Investors may be wondering where municipal bond yields are headed after they reached 45-year lows last week.

Interest rates as reflected by The Bond Buyer 20-Bond Index have fallen nearly 10 percentage points since January 1982, when they reached record high levels. After such a steep decline, it may seem to some that yields could not possibly go lower.

However, a historical view of muni bond yields suggests the market has not hit an impenetrable floor (see story on page 6).

While the 20-bond index closed at 3.60% Friday, the all-time  low yield was reached in February 1946, when the index hit just 1.29%.

The 20-bond index is based on a selection of general obligation bonds maturing in 20 years. The average rating of the 20 bonds is roughly equivalent to a double-A.

As of the end of Monday, Municipal Market Data’s generic 10-year triple-A bond was paying 1.87%, the 20-year was 2.96%, and the 30-year was 3.37%.

Are yields finally going to start rising? Or could they possibly fall further?

The Bond Buyer asked a selection of muni research analysts for their predictions.

Loop Capital Markets expects the 30-year triple-A to be 3.90% by the end of the year.

Yields will increase slightly by the end of the year, said Chris Mier, Loop’s managing director. Most of the increase should take place in the second half of 2012, Loop predicts.

The increase will mainly be due to the ebbing of the investor flight to quality that characterized 2011, according to Mier. The European debt problem will not improve soon, he said, adding that over time, U.S. investors will become less sensitive to Europe’s problems.

Currently, yields are unusually tight to the inflation rate, he noted. (See graph above.) Eventually, investors will demand a better premium.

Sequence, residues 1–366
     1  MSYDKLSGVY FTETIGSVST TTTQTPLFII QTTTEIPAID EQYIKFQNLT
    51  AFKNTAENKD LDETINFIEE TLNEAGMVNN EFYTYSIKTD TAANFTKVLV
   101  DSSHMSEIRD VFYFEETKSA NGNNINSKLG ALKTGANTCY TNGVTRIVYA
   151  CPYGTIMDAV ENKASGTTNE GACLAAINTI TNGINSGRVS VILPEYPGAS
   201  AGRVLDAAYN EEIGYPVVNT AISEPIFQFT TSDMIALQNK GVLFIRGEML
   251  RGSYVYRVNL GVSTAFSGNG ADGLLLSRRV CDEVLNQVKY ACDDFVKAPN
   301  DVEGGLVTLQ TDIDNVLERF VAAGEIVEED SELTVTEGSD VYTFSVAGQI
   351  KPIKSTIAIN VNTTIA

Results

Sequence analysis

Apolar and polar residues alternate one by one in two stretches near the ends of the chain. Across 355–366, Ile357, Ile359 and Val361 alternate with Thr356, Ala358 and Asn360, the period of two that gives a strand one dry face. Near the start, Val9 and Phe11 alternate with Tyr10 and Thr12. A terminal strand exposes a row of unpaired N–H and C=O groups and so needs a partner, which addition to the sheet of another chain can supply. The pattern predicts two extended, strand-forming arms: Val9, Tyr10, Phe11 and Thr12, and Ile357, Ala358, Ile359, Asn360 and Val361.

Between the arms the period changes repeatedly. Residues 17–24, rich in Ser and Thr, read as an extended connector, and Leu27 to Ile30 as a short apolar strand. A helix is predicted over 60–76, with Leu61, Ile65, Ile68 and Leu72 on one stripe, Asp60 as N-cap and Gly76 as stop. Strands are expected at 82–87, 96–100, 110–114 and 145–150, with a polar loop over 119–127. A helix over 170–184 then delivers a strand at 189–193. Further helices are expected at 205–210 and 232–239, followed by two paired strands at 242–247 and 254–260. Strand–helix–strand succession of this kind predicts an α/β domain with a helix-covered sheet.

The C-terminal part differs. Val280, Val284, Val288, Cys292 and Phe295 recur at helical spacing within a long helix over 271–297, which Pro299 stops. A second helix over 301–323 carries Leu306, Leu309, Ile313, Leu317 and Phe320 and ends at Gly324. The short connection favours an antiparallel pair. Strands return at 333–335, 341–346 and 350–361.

Munis are also expensive relative to corporate bonds right now. While the average 10-year muni-to-corporate ratio going from the present back to October 2002 is 62.9%, on Jan. 20 it was 38.8%.

Munis are also expensive relative to Standard & Poor’s 500 stock dividends. While the average ratio between 20-year munis and S&P 500 stock dividends going back to June 1981 has been 246%, the current ratio is about 170%.

Both of these factors will also push yields up in the coming year, Mier said.

Bank of America Merrill Lynch expects that by the end of this year, the 10-year will rise to 2.30% and the 30-year will rise to 3.80%.

The Federal Reserve said that interest rates are on hold until 2013, noted John Hallacy, head of municipal research at Bank of America Merrill. That will eliminate one potential source of upward pressure on muni yields.

However, a modest U.S. economic recovery and increased supply in the second half should push yields up, Hallacy said.

Trident Municipal Research expects the 10-year to decline to 1.50% by mid-year and then remain about there for the rest of the year. It also expects the 30-year bond to decline to 2.75% by the end of the year.

Two major factors will push yields lower, said Bart Mosly, co-president of Trident. Europe and China’s economic problems are keeping inflation risks in check, while the credit picture for state governments is improving.

Evercore Wealth Management expects little change in the next few months, followed by a possible 50 to 75 basis point increase in yields by year-end.

In six to 12 months, there may be some improvements in the European debt situation and in euro zone growth, said Gary Gildersleeve, fixed-income manager at Evercore. In addition, the U.S. economy should improve.